There is a heaviness in the air.
Can you feel it?
After two years of pandemic, after witnessing way too many acts of racially-motivated violence, after the terrible eruption of war in Ukraine, it is difficult to breathe.
We want to say aloud that this has nothing to do with us.
And deep inside us, we know it has everything to do with us.
Because we live in a world that is good, and beautiful, and deeply flawed.
The innocence of our birth, the integrity of creation, and the influence of the corruption in our world have mingled.
It is not possible to breathe the air that surrounds us and not to inhale the evil.
To begin Lent is to resist the toxins.
The prophet Isaiah tells us that acts of self-denial and expressions of piety are meaningless unless we turn toward God. Today’s Gospel lesson invites us to examine our sense of what is important in our lives. As we move into the Lenten season with its traditional focus on fasting, praying, and giving, we assess: What are we doing? Which of our practices are most congruous with our spiritual values? For whom are we doing these things? What are we seeking to gain?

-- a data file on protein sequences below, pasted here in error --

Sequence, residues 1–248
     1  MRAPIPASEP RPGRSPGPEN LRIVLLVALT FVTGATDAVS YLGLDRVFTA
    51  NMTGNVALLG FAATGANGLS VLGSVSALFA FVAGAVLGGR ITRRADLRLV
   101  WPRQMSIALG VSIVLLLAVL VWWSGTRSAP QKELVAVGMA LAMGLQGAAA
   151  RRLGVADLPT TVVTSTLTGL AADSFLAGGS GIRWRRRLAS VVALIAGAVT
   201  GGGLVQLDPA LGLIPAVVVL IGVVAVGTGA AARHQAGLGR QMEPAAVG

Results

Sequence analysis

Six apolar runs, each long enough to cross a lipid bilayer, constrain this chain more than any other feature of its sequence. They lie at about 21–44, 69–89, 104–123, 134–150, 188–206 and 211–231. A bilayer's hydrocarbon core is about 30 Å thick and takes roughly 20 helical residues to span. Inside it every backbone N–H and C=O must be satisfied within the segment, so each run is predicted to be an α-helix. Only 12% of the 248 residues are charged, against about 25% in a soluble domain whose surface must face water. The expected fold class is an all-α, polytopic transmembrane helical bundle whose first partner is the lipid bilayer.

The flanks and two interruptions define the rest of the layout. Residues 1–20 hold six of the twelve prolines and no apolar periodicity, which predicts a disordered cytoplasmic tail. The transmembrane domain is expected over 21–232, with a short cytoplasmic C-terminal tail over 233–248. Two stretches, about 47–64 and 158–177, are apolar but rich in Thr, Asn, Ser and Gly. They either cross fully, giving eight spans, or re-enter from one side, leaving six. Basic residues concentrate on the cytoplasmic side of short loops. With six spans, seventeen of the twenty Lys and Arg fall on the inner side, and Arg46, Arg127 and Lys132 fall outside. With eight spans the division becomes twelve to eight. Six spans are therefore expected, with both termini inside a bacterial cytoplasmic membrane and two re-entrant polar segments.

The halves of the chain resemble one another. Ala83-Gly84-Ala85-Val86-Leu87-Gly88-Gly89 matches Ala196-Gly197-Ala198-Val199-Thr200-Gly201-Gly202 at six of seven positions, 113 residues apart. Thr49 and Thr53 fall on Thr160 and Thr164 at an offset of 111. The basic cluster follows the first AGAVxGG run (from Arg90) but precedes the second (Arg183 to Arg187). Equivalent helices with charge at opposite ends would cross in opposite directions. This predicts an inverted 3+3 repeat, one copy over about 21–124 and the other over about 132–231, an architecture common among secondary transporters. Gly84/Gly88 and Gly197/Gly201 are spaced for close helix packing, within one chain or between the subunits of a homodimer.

If we pursue Lent as a cultural habit, without an internal turning toward God, the fasting, praying, and giving remain empty. When we recognize that the ashes mark the same place that our baptismal water cleansed, we can consider how we are living into our identity as children of God.
Lent is not about rushing toward a false spiritual positivity. Positivity is not the antidote.
Lent is about recognizing the pieces of our lives that have fallen down to ashes, and turning back to a spiritual path that will return us to life.
Every day, we each have choices to make: How we treat others. The language we use. The jokes we laugh at. The way we include or ignore people. The times we choose to stay angry and alienated, or the ways we work to forgive and show love.
There is a lightness in choosing to turn back to God.
Choose life. Resist the powers of death.
Choose love. Resist the power of apathy and hate.
Choose the way of Christ.